The Phantasiestücke, which had been published with a commendatory preface by Jean Paul, were followed in 1816 by the gruesome novel—to some extent inspired by Lewis’s Monk—Die Elixiere des Teufels, and the even more gruesome and grotesque stories which make up the Nachtstücke (1817, 2 vols.). The full range of Hoffmann’s powers is first clearly displayed in the collection of stories (4 vols., 1819–1821) Die Serapionsbrüder, this being the name of a small club of Hoffmann’s more intimate literary friends. Die Serapionsbrüder includes not merely stories in which Hoffmann’s love for the mysterious and the supernatural is to be seen, but novels in which he draws on his own early reminiscences (Rat Krespel, Fermate), finely outlined pictures of old German life (Der Artushof, Meister Martin der Küfner und seine Gesellen), and vivid and picturesque incidents from Italian and French history (Doge und Dogaressa, the story of Marino Faliero, and Das Fräulein von Scuderi). The last-mentioned story is usually regarded as Hoffmann’s masterpiece. Two longer works also belong to Hoffmann’s later years and display to advantage his powers as a humorist; these are Klein Zaches, genannt Zinnober (1819), and Lebensansichten des Katers Murr, nebst fragmentarischer Biographie des Kapellmeisters Johannes Kreisler (1821–1822).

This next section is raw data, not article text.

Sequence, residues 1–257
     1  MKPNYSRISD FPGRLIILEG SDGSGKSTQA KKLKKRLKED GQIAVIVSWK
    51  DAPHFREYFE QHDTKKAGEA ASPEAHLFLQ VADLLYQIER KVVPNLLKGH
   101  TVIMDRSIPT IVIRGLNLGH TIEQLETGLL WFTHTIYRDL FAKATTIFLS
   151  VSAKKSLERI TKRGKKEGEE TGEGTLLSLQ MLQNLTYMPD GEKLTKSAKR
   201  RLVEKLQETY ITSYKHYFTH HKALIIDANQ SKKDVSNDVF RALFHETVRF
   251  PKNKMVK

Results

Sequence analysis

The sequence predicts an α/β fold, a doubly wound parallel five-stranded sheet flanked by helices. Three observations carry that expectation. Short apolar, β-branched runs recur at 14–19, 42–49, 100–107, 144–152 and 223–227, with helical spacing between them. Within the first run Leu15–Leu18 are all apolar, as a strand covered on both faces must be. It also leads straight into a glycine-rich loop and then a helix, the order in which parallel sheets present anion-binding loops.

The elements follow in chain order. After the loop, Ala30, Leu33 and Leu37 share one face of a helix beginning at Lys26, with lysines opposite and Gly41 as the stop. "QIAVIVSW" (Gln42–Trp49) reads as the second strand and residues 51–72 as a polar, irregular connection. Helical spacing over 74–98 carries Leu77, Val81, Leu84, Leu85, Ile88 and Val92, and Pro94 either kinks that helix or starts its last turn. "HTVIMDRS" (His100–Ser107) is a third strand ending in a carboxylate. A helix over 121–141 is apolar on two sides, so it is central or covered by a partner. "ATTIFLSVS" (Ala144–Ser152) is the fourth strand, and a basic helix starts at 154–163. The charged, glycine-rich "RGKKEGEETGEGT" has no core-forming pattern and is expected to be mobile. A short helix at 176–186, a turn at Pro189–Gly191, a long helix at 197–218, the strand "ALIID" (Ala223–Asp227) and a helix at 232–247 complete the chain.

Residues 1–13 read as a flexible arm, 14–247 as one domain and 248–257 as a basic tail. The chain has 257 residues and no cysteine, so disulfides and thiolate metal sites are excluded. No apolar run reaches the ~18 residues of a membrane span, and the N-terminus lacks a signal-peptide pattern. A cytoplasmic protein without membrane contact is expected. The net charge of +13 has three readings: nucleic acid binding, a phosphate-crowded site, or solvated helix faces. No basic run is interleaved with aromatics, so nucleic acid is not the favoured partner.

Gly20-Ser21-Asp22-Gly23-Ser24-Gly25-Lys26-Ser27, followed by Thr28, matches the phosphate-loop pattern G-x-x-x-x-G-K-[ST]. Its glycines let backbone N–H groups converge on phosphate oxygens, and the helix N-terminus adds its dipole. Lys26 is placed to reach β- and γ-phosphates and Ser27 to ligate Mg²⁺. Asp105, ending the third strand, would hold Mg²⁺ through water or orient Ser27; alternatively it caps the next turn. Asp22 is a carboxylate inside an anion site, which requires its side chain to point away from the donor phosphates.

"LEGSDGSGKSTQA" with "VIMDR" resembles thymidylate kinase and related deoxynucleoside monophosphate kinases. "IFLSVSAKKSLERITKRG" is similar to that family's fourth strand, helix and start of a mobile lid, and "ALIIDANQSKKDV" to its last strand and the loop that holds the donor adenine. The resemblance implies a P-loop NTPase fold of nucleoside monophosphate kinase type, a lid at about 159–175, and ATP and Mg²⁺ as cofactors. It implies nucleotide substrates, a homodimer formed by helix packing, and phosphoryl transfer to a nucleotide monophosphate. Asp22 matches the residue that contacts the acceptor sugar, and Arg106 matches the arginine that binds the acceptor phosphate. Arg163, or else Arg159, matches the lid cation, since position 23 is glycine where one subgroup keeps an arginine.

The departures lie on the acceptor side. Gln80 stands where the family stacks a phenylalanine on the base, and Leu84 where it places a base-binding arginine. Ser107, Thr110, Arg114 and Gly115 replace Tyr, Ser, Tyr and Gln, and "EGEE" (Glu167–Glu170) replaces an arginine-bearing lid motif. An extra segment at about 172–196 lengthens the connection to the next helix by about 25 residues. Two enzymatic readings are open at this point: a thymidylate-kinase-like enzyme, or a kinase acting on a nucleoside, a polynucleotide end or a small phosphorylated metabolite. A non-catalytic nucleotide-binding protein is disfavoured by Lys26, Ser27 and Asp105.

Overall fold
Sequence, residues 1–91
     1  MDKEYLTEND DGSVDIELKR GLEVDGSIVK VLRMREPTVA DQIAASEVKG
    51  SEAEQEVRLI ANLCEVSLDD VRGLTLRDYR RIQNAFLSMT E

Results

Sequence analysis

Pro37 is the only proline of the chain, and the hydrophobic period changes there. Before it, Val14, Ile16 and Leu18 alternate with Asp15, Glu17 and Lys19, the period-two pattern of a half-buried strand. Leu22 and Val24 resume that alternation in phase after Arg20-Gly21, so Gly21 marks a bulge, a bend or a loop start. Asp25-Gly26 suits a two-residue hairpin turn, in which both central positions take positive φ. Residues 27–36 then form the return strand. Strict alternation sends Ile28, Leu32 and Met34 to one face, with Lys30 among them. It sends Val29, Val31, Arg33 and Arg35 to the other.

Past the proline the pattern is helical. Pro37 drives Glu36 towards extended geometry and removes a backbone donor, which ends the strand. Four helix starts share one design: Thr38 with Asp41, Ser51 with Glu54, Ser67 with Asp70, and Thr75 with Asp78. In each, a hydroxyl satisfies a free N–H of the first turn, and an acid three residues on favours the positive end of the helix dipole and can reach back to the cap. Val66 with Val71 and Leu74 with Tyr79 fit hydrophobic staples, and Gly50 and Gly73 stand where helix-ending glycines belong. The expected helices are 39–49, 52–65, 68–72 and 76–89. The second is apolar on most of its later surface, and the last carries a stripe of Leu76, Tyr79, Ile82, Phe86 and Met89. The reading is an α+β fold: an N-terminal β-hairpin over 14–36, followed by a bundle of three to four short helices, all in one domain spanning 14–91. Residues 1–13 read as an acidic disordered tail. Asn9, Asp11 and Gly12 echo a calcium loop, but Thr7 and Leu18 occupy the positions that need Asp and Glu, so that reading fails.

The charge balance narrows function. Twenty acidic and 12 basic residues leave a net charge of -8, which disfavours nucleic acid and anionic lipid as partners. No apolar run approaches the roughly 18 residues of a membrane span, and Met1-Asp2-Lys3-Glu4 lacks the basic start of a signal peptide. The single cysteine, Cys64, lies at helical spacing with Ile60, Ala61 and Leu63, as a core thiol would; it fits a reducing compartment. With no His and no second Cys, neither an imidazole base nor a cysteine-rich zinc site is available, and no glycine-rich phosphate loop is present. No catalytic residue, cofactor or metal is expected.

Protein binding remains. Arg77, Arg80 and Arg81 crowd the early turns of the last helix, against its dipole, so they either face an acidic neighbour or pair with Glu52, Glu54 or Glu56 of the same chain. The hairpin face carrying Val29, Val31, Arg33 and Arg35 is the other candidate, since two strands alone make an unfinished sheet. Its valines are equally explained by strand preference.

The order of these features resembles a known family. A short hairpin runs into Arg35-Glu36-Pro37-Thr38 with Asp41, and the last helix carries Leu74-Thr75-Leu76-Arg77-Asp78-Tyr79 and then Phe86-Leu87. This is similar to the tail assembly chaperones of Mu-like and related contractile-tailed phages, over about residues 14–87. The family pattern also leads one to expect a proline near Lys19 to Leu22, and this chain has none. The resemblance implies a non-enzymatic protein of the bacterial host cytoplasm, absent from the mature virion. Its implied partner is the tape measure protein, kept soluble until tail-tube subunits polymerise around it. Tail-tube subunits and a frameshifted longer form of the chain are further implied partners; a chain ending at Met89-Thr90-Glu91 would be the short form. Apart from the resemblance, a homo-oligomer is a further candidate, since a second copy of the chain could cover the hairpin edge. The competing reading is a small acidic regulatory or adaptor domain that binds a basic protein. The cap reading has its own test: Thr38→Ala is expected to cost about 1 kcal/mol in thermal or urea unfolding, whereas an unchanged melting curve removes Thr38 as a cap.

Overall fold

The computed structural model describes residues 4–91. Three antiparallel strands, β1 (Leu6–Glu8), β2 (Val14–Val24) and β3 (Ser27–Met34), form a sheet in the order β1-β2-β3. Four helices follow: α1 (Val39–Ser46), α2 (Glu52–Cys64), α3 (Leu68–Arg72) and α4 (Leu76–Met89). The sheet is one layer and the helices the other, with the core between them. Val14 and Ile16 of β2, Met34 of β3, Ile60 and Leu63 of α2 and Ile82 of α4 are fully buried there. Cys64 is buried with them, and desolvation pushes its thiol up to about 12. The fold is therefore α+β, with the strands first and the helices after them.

Hoffmann is one of the master novelists of the Romantic movement in Germany. He combined with a humour that reminds us of Jean Paul the warm sympathy for the artist’s standpoint towards life, which was enunciated by early Romantic leaders like Tieck and Wackenroder; but he was superior to all in the almost clairvoyant powers of his imagination. His works abound in grotesque and gruesome scenes—in this respect they mark a descent from the high ideals of the Romantic school; but the gruesome was only one outlet for Hoffmann’s genius, and even here the secret of his power lay not in his choice of subjects, but in the wonderfully vivid and realistic presentation of them. Every line he wrote leaves the impression behind it that it expresses something felt or experienced; every scene, vision or character he described seems to have been real and living to him. It is this realism, in the best sense of the word, that made him the great artist he was, and gave him so extraordinary a power over his contemporaries.

The first collected edition of Hoffmann’s works appeared in ten volumes (Ausgewählte Schriften, 1827–1828); to these his widow added five volumes in 1839 (including the 3rd edition of J. E. Hitzig’s Aus Hoffmanns Leben und Nachlass, 1823). Other editions of his works appeared in 1844–1845, 1871–1873, 1879–1883, and, most complete of all, Sämtliche Werke, edited by E. Grisebach, in 15 vols. (1900). There are many editions of selections, as well as cheap reprints of the more popular stories. All Hoffmann’s important works—except Klein Zaches and Kater Murr—have been translated into English: The Devil’s Elixir (1824), The Golden Pot by Carlyle (in German Romance, 1827), The Serapion Brethren by A. Ewing (1886–1892), &c. In France Hoffmann was even more popular than in England. Cp. G. Thurau, Hoffmanns Erzählungen in Frankreich (1896). An edition of his Œuvres complètes appeared in 12 vols. in Paris in 1830. The best monograph on Hoffmann is by G. Ellinger, E. T. A. Hoffmann (1894); see also O. Klinke, Hoffmanns Leben und Werke vom Standpunkte eines Irrenarztes (1903); and the exhaustive bibliography in Goedeke’s Grundriss zur Geschichte der deutschen Dichtung, 2nd ed., vol. viii. pp. 468 ff. (1905).  (J. G. R.)